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BMC Cancer. 2016 Jul 7;16:419. doi: 10.1186/s12885-016-2411-1.

Macrophage phenotypic subtypes diametrically regulate epithelial-mesenchymal plasticity in breast cancer cells.

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Department of Pathology, University of Pittsburgh, and Pittsburgh VA Health System, Pittsburgh, PA, USA.
Current address: Institute of Materia Medica, Chinese Academy Medical of Sciences & Peking Union Medical College, 1 Xian Nong Tan Street, 100050, Beijing, China.
Department of Pathology, University of Pittsburgh, and Pittsburgh VA Health System, Pittsburgh, PA, USA.



Metastatic progression of breast cancer involves phenotypic plasticity of the carcinoma cells moving between epithelial and mesenchymal behaviors. During metastatic seeding and dormancy, even highly aggressive carcinoma cells take on an E-cadherin-positive epithelial phenotype that is absent from the emergent, lethal metastatic outgrowths. These phenotypes are linked to the metastatic microenvironment, though the specific cells and induction signals are still to be deciphered. Recent evidence suggests that macrophages impact tumor progression, and may alter the balance between cancer cell EMT and MErT in the metastatic microenvironment.


Here we explore the role of M1/M2 macrophages in epithelial-mesenchymal plasticity of breast cancer cells by coculturing epithelial and mesenchymal cells lines with macrophages.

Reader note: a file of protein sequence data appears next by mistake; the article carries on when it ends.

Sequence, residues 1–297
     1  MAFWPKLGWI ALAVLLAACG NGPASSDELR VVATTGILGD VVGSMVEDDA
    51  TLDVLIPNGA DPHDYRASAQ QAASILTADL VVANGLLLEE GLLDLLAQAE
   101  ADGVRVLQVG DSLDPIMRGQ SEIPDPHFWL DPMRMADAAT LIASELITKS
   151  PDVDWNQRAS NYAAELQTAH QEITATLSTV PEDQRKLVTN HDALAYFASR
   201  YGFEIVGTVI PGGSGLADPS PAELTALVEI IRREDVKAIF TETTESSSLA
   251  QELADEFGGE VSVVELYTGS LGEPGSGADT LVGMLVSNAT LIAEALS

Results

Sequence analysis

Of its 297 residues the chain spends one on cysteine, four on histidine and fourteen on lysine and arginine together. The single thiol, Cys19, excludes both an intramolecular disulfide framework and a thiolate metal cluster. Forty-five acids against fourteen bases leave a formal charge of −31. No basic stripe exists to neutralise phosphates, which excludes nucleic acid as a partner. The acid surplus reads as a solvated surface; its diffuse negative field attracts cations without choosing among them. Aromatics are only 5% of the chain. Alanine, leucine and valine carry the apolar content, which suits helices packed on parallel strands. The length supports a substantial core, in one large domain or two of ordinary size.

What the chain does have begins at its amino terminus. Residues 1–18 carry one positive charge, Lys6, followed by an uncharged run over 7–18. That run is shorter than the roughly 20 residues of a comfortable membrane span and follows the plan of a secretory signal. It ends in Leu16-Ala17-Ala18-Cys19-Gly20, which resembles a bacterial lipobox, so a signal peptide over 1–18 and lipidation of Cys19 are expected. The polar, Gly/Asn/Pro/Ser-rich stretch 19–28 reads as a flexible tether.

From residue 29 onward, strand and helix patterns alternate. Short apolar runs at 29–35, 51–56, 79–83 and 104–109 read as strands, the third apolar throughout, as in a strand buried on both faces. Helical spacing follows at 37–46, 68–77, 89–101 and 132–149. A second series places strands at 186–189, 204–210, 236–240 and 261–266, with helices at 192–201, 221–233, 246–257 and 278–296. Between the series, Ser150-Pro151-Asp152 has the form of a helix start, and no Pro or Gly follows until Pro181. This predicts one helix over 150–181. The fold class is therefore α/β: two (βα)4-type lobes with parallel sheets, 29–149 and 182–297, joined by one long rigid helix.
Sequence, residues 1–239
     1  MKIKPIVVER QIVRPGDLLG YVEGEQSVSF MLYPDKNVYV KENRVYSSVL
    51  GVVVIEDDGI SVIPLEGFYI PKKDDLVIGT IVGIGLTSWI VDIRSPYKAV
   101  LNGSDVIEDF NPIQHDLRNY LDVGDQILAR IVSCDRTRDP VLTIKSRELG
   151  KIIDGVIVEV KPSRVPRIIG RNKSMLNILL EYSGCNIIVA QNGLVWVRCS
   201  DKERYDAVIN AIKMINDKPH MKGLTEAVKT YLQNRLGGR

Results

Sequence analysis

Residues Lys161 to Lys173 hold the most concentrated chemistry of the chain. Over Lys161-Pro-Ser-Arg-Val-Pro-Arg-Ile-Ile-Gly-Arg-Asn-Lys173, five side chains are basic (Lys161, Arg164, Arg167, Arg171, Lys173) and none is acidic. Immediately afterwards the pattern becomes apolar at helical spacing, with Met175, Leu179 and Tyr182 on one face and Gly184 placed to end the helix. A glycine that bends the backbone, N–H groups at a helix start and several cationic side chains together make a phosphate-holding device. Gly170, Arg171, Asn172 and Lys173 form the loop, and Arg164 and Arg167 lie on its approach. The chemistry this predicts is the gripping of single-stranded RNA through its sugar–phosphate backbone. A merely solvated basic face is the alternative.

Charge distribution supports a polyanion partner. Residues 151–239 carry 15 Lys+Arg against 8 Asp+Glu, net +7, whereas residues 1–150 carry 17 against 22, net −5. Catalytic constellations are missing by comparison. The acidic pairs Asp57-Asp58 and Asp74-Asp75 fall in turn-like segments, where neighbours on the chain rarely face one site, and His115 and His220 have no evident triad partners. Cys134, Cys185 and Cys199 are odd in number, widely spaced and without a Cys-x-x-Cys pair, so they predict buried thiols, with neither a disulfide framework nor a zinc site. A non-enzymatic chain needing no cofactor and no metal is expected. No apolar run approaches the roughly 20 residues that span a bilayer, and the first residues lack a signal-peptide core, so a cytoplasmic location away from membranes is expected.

We found that after polarizing the THP-1 human monocyte cell line, the M1 and M2-types were stable and maintained when co-cultured with breast cancer cells. Surprisingly, M2 macrophages may conferred a growth advantage to the epithelial MCF-7 cells, with these cells being driven to a partial mesenchymal phenotypic as indicated by spindle morphology. Notably, E-cadherin protein expression is significantly decreased in MCF-7 cells co-cultured with M2 macrophages. M0 and M1 macrophages had no effect on the MCF-7 epithelial phenotype. However, the M1 macrophages impacted the highly aggressive mesenchymal-like MDA-MB-231 breast cancer cells to take on a quiescent, epithelial phenotype with re-expression of E-cadherin. The M2 macrophages if anything exacerbated the mesenchymal phenotype of the MDA-MB-231 cells.


Our findings demonstrate M2 macrophages might impart outgrowth and M1 macrophages may contribute to dormancy behaviors in metastatic breast cancer cells. Thus EMT and MErT are regulated by selected macrophage phenotype in the liver metastatic microenvironment. These results indicate macrophage could be a potential therapeutic target for limiting death due to malignant metastases in breast cancer.


Epithelial to mesenchymal transition; Macrophage polarity; Mesenchymal to epithelial reverting transition; Metastatic microenvironment

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